How Trump's Tweets Hide Bad Policy
WASHINGTON -- This week, courtesy of Twitter, we were offered a glimpse of why more Americans chose Hillary Clinton over Donald Trump as the appropriate person to be president of the United States.
On Monday night, Clinton (whose margin, by the way, was 2.9 million votes) tweeted up a storm. "This hasn't gotten enough attn," she wrote in her opener. "For the first time, Congress missed the deadline to reauthorize the Children's Health Insurance Program."
It was the first of seven tweets in which she expressed a proper outrage over the failure of the House and Senate to renew a valuable piece of the government's health care safety net that provides insurance to some 9 million Americans under the age of 18.
The next morning, Trump issued a tweet of his own: "The Failing @nytimes set Liddle' Bob Corker up by recording his conversation. Was made to sound a fool, and that's what I am dealing with!"
Quite a contrast, don't you think? On the one side is Clinton using the attention she commands on behalf of a group that enjoys little political influence or lobbying power. On the other is a self-involved bully who spends much of his time belittling those who dare oppose him. Clinton was fighting for children and teenagers. Trump was acting like one.
It's true that about two hours before he sent out his missive attacking the Tennessee Republican who fears Trump might start World War III, the petulant president did post a tweet on health care: "Since Congress can't get its act together on HealthCare, I will be using the power of the pen to give great HealthCare to many people -- FAST."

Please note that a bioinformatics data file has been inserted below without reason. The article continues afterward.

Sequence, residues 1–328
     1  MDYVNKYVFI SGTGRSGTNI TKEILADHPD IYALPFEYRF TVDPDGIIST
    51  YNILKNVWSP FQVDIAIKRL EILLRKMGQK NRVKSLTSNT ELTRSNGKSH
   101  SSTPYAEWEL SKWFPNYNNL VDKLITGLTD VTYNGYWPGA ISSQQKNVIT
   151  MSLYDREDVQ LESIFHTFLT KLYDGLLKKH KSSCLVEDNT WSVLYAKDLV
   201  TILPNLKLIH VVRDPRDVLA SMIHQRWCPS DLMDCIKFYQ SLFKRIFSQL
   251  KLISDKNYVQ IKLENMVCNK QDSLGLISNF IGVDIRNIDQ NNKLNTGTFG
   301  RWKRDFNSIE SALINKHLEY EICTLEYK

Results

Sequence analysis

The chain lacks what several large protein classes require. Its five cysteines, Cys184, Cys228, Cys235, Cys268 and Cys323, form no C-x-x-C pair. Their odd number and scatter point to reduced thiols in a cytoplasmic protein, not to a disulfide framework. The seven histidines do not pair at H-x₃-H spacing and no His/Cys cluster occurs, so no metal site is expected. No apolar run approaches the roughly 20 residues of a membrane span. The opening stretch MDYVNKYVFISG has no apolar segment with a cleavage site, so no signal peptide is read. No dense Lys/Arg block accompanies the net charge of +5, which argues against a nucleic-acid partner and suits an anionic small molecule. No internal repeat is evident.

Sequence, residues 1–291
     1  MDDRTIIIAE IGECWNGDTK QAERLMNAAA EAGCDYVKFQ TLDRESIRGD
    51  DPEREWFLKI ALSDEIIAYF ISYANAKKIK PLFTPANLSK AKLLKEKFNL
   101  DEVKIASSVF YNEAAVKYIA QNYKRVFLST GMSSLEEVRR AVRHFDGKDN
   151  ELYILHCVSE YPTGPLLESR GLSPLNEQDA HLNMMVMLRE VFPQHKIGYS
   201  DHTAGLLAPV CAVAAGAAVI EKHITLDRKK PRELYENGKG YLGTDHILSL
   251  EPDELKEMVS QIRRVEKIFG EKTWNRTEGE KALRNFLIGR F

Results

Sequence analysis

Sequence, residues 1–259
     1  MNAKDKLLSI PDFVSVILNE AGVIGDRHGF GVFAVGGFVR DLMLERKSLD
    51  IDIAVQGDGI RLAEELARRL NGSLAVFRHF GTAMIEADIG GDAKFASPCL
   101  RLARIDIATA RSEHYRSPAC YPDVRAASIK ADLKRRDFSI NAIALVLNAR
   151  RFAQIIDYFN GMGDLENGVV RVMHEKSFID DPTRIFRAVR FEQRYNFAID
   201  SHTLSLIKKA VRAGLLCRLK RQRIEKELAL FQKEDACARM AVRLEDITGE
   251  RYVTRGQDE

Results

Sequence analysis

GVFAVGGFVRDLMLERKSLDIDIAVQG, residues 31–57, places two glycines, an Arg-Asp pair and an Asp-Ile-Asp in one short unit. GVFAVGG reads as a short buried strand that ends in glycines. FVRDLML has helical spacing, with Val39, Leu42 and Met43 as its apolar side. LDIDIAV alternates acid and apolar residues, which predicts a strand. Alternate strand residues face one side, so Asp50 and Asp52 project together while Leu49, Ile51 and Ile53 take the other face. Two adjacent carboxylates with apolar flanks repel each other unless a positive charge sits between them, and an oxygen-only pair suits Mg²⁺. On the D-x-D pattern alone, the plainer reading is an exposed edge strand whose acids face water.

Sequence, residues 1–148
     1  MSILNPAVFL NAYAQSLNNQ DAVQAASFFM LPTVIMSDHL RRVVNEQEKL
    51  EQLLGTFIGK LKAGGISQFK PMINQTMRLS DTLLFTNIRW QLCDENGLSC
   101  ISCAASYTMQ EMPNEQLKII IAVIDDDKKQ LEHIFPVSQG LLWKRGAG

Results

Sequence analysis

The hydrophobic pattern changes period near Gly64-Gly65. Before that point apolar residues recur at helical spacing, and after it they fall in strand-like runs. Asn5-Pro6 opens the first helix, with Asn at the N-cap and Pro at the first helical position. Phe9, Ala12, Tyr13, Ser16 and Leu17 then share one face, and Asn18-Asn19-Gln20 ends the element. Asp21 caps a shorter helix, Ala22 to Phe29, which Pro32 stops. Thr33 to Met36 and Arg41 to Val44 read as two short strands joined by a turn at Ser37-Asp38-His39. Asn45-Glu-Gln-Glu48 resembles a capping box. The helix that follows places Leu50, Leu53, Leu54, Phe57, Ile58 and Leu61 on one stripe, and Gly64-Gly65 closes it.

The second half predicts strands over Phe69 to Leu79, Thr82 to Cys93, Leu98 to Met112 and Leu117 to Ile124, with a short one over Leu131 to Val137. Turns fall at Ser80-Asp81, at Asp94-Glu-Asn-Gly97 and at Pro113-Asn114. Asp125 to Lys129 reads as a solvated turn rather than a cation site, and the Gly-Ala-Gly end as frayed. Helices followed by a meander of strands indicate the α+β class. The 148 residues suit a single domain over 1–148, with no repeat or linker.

Naturally, Trump shucked off responsibility for not delivering on his promise to repeal Obamacare and replace it with "something great." It's all Congress' fault.
As to substance, he was referring to an executive order that aides say he'll issue this week to undo some of the Affordable Care Act's regulations and permit the sale of cheap, skimpy, short-term insurance plans likely to appeal most to the healthiest people.
Trump's move would undercut existing patient protections and likely further destabilize health care markets he has already thrown into chaos with his stealthy efforts to sabotage Obamacare.
Earlier this week, The New York Times' Robert Pear reported the administration's 41 percent reduction in funds for the program that helps consumers pick plans through the ACA. The new Obamacare enrollment period begins on Nov. 1, and as Pear wrote, "The cuts come at a time of turmoil in insurance markets, when more consumers than ever may need help navigating the health care system."
If the Clinton-Trump contrast highlights Trump's pettiness, the striking difference in their approach to health care reminds us that the various circuses he is orchestrating -- around Corker, Secretary of State Rex Tillerson, and kneeling at NFL games -- are also distracting us from the profound day-to-day harm he and Congress are inflicting.
The two-decades-old Children's Health Insurance Program (CHIP) was a genuine bipartisan achievement, championed by Sen. Orrin Hatch, R-Utah, and the late Democratic Sen. Edward Kennedy. One reason its renewal has been stalled is House Republicans' insistence on tying another five years of CHIP funding to cuts and tweaks in Medicaid, Medicare and the ACA.
As the fights over Obamacare have shown, many in the GOP seem willing to use any opportunity available to cut funding for health coverage. If you wonder why compromise is so hard to come by these days, notice that even long-standing cross-party efforts are encountering resistance and delays from the ideologues on the right.
In the meantime, Trump is doing all he can to reverse the victory of Obamacare supporters who saved the program this summer and again in the fall. Here again, bipartisanship is the loser. Polls show that Americans overwhelmingly favor making Obamacare better rather than repealing it. Democrats are game for this. But Trump still won't go there -- although he occasionally claims to be ready to work with "Chuck" (that would be Senate Minority Leader Charles E. Schumer) on alternatives to scrapping the law.
In fact, Trump cares and thinks little about policy, and the big news this week may be that the Washington consensus is finally coming around to the obvious: that Trump is utterly unfit to be president, which is what a plurality of the voters thought in the first place. That's all very nice, but he's still there, and we can't lose track of all the damage he can unleash.
(c) 2017, Washington Post Writers Group